Air pollution kills more people in India than anywhere else in the world


From causing low birth weight to affecting and damaging nearly all organs, including eyes, lungs, skin, and heart, and even denting mental health, toxic air has become a “slow poison”, spiking deaths and diseases in India.

A major study published in the journal Lancet Planetary Health Pollution in 2020 showed that pollution has emerged as the “largest existential threat” to humans, killing over nine million each year globally. But more than the rest of the world, air pollution kills more people in India, according to the study.

In 2019, it resulted in 1.67 million deaths in India. The 2019 death toll attributed to air pollution in India accounted for 17.8 percent of all deaths in the country in 2019.

In 2019, India’s average particulate matter concentration was 70.3 micrograms/cubic meter — the highest in the world.

Cut to 2023, on Friday morning, the Air Quality Index (AQI) in Delhi alone surged past 500 — staggering 100 times higher than the limit considered healthy by the World Health Organization (WHO).

It remained around 550 for the most part of the day with dangerous levels of PM2.5 and PM10, along with a thick blanket of smog that also reduced visibility to less than 500 meters in some places.

“The number of deaths is only going to be rising with the rise in air pollution levels in our country, especially in the Indo-Gangetic belt. It’s what we’re experiencing these days,” Dr. Vivek Nangia, Principal Director & Head, of Pulmonology, Max Super Speciality Hospital, Saket, told IANS citing the 2019 Lancet study figures.

In fact, the Air Quality Life Index (AQLI) report for 2023 by the University of Chicago’s Energy Policy Institute in August showed that air pollution is shortening lives in the national capital territory of Delhi — the most polluted city in the world — by 11.9 years.

Measuring life expectancy, the researchers said PM2.5 is the greatest threat to human health in India. It takes 5.3 years off the life of the average Indian compared to cardiovascular diseases (4.5 years) and child and maternal malnutrition (1.8 years).

Dr. Dhiren Gupta, senior consultant, department of pediatric, Sir Ganga Ram Hospital, calls air pollution a “slow poison”.

“It starts affecting the unborn, to newborns, and to people of all ages. It can cause poor birth weight, and allergies later in life; affects not only the lungs but also the heart; makes viral infections and allergies more lethal; leads to permanent damage to lungs; even in nonasthmatic patients, it induces recurrent cough; and affects eyes, brain, skin, heart,” he told IANS.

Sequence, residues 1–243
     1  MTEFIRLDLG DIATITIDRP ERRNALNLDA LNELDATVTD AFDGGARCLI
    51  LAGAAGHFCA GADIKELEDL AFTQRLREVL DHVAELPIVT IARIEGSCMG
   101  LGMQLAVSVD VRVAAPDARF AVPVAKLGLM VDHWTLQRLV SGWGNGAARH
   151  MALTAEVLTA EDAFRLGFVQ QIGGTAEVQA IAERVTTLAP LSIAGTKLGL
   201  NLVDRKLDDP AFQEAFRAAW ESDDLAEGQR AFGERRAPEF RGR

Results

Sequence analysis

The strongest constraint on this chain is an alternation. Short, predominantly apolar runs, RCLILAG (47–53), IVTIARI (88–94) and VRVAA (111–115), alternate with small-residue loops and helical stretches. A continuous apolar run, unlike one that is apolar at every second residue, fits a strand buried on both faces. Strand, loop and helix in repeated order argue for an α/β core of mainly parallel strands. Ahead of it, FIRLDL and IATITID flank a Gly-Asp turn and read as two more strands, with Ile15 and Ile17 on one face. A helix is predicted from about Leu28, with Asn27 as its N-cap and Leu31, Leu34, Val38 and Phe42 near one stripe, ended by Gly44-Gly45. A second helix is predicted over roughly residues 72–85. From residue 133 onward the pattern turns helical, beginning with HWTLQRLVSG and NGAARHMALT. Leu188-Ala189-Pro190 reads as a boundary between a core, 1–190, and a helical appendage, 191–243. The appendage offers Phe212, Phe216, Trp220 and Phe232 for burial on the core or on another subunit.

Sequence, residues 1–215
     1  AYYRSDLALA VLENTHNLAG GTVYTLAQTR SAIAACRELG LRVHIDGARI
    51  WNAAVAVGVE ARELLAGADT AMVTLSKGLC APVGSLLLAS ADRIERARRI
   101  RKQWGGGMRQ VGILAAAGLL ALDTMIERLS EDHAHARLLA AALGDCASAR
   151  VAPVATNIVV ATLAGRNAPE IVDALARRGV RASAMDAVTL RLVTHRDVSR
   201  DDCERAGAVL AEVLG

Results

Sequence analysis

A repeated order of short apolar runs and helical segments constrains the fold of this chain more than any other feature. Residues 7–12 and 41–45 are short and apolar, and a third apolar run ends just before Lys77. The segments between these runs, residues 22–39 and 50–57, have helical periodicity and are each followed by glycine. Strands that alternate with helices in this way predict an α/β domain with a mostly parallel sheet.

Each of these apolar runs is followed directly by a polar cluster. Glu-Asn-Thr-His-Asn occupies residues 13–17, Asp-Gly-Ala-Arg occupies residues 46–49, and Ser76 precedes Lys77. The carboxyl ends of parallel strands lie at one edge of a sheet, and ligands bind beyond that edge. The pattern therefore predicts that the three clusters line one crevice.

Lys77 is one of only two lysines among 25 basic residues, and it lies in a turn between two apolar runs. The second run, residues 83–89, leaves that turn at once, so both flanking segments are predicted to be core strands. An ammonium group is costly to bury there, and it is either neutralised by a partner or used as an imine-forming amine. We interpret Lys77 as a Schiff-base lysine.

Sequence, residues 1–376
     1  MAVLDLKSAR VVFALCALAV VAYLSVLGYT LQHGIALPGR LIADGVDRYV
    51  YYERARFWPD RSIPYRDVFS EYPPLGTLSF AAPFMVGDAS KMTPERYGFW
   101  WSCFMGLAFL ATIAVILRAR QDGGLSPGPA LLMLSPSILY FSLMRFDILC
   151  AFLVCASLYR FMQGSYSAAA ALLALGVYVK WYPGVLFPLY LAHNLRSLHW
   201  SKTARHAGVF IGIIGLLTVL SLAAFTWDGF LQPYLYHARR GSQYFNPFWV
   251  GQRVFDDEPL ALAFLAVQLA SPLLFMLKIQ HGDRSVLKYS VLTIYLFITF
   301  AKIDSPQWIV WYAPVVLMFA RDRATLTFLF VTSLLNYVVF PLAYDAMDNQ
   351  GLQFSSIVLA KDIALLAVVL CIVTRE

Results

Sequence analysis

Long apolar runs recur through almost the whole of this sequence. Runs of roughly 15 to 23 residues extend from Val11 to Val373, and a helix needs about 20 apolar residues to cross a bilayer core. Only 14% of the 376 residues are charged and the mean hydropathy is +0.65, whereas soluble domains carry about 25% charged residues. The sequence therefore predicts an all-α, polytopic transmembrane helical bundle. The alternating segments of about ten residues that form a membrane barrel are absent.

“Importantly, children are more affected as their height is less and have a faster respiratory rate than adults,” Dr. Gupta said.

Indeed, the brunt of breathing bad air is most deadly on children under 5 years of age — with close to 12 deaths taking place an hour in India, as per a 2016 WHO report.

In 2016, 101,788 children under the age of five died prematurely due to outdoor and household air pollution. Close to seven children die every hour in India due to outdoor air pollution alone, and more than half of them are girls.

Other vulnerable groups include people aged over 60, those who already have some underlying comorbid conditions, like chronic lung disease like bronchial asthma, chronic obstructive pulmonary disease, interstitial lung disease, allergies, then people who have chronic heart disease, people who have liver disease, kidney disease, brain disease, so any kind of disease, those who are on some kind of immunosuppressive therapies, Dr Nangia told IANS.

Further, two recent studies have also linked air pollution with diabetes and antibiotic resistance. Both are on the extremes in India and have the potential to turn fatal, if not addressed properly.

Each year, policymakers come up with short-term solutions like putting off construction work, closing schools, etc. However the need is to develop strong solutions such as putting a curb on stubble burning, adopting cleaner energy sources, and implementing stricter regulations on industrial emissions, among others.

Till then, to survive the bad air days, it is essential to “wear N95 masks when out and about, be compliant with regular medications, avoid outdoor activities in peak pollution hours, take a balanced diet and seek medical help should the symptoms worsen,” Dr Arunesh Kumar, senior consultant & Head of Pulmonology at Paras Hospital, Gurugram, told IANS.


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